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Semin Oncol. 2001 Feb;28(1 Suppl 2):28-34.

Advances in the treatment of non-small cell lung cancer: molecular markers take the stage.

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1
Medical Oncology Service, Hospital Germans Trias i Pujol, Badalona, Barcelona, Spain.

Abstract

Increasing evidence that non-small cell lung cancer is a systemic disease from the outset confirms the rationale for adjuvant chemotherapy. However, clinical trial evidence of benefit is still awaited. The position is clearer in the case of neoadjuvant therapy because long-term follow up of two trials now shows that patients randomized to chemotherapy before surgery were significantly more likely to survive to 5 years than patients treated with surgery alone. Early data suggest that neoadjuvant chemotherapy based on docetaxel (Taxotere; Aventis, Antony, France) (possibly used sequentially with other agents) may be as effective as older regimens and better tolerated. Because p53 status influences the expression of microtubule-associated proteins and hence the sensitivity of a tumor to taxanes, it is possible that molecular markers could be used to customize chemotherapy to individual patients. Generally, it is becoming clearer that molecular staging is a more sensitive means of demonstrating tumor dissemination than light microscopy. The Cancer and Leukemia Group B is undertaking a prospective study using reverse transcriptase-polymerase chain reaction to detect MUC-1 RNA in bone marrow and hilar and mediastinal lymph nodes removed at resection with the aim of distinguishing between stage I patients likely to remain disease-free for long periods and those at high risk of relapse. A study of small cell lung cancer is using automated fluorescence microscopy to detect keratin-positive cells in the marrow and blood of patients who have a complete response to initial therapy but are nevertheless at high overall risk of relapse. The identification of genetic lesions in a high proportion of patients with non-small cell lung cancer may guide the development of new therapies aimed at increasing rates of apoptosis among tumor cells.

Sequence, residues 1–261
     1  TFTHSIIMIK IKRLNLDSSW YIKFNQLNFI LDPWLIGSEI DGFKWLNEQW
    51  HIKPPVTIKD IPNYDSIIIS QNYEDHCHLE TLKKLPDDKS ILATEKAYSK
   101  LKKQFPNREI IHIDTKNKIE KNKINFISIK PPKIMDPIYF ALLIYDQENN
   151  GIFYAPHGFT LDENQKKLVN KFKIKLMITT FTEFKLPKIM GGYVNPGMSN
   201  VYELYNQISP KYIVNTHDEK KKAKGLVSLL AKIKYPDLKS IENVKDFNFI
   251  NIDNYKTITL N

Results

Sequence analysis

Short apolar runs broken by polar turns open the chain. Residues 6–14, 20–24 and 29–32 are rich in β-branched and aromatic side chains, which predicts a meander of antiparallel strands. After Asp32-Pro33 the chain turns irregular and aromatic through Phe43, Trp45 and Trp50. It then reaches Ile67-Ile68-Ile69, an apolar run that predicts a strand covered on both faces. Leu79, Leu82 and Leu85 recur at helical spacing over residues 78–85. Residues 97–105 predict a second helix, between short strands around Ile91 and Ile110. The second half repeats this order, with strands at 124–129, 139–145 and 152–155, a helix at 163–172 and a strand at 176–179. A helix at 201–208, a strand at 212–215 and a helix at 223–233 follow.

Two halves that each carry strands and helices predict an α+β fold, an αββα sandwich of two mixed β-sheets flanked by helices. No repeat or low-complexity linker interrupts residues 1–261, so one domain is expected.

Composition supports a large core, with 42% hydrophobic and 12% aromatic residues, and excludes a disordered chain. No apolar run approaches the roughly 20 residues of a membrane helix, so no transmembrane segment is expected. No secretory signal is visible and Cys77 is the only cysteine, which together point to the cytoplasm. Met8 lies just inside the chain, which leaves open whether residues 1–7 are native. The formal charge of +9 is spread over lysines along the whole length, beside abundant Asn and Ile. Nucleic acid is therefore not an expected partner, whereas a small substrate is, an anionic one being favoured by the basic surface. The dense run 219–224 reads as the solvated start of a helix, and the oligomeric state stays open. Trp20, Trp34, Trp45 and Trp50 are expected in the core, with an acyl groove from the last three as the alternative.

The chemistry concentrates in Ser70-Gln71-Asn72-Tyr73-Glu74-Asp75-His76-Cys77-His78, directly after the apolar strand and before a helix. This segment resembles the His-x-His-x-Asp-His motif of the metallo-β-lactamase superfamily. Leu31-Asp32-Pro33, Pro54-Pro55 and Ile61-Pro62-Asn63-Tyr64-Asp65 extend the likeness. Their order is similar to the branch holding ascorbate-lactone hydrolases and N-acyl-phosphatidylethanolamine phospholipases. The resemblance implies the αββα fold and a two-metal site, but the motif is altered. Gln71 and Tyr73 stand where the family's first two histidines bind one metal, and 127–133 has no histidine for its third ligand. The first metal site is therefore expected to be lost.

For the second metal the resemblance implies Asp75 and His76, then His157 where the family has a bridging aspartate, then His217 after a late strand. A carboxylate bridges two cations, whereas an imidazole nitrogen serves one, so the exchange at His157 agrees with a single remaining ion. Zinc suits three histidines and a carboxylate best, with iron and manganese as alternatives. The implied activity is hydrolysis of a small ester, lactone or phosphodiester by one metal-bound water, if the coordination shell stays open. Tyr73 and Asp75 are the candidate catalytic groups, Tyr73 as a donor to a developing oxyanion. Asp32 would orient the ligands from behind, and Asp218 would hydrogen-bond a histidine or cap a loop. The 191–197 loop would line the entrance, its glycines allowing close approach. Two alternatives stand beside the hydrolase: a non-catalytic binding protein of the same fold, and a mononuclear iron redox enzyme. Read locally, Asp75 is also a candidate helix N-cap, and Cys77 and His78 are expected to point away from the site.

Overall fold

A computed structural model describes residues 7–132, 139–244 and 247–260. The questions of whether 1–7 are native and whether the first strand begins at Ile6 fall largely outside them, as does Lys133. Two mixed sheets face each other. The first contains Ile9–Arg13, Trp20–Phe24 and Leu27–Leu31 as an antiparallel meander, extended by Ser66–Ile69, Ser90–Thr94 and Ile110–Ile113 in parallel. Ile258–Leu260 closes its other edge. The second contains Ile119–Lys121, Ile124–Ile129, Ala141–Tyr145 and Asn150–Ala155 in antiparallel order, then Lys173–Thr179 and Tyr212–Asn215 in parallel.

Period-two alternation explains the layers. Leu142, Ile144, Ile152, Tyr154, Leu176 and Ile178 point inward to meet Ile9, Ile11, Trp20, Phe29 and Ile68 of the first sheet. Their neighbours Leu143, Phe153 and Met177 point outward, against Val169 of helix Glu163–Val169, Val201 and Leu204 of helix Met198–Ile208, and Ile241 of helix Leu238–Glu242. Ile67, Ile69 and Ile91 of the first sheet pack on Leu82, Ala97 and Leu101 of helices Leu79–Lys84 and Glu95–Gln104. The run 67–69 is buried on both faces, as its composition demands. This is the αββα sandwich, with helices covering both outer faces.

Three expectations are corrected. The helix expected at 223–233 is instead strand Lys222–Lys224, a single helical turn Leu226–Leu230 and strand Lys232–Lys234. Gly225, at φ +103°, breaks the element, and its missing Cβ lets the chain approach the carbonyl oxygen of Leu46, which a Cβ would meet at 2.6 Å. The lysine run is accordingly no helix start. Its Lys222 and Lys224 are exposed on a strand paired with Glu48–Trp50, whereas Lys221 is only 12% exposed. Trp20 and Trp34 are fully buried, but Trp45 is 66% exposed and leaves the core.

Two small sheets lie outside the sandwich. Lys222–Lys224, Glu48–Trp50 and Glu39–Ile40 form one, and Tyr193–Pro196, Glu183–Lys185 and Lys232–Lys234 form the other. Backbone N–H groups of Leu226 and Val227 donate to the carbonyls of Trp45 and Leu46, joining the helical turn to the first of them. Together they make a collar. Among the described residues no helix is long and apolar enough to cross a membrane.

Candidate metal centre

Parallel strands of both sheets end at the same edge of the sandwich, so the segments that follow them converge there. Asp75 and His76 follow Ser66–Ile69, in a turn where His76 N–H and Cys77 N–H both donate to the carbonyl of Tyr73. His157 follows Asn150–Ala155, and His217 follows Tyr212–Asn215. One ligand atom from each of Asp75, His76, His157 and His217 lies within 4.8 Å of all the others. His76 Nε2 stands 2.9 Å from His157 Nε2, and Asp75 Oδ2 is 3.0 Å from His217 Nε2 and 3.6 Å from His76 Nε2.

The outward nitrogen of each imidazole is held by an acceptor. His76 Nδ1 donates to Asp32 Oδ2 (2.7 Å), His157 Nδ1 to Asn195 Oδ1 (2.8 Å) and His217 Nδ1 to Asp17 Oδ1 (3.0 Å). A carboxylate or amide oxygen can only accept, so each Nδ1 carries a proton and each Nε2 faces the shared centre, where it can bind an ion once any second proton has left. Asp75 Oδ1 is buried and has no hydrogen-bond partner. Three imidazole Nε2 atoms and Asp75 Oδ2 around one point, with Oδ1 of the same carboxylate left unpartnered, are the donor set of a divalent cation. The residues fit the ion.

PMID:
11284622
[Indexed for MEDLINE]

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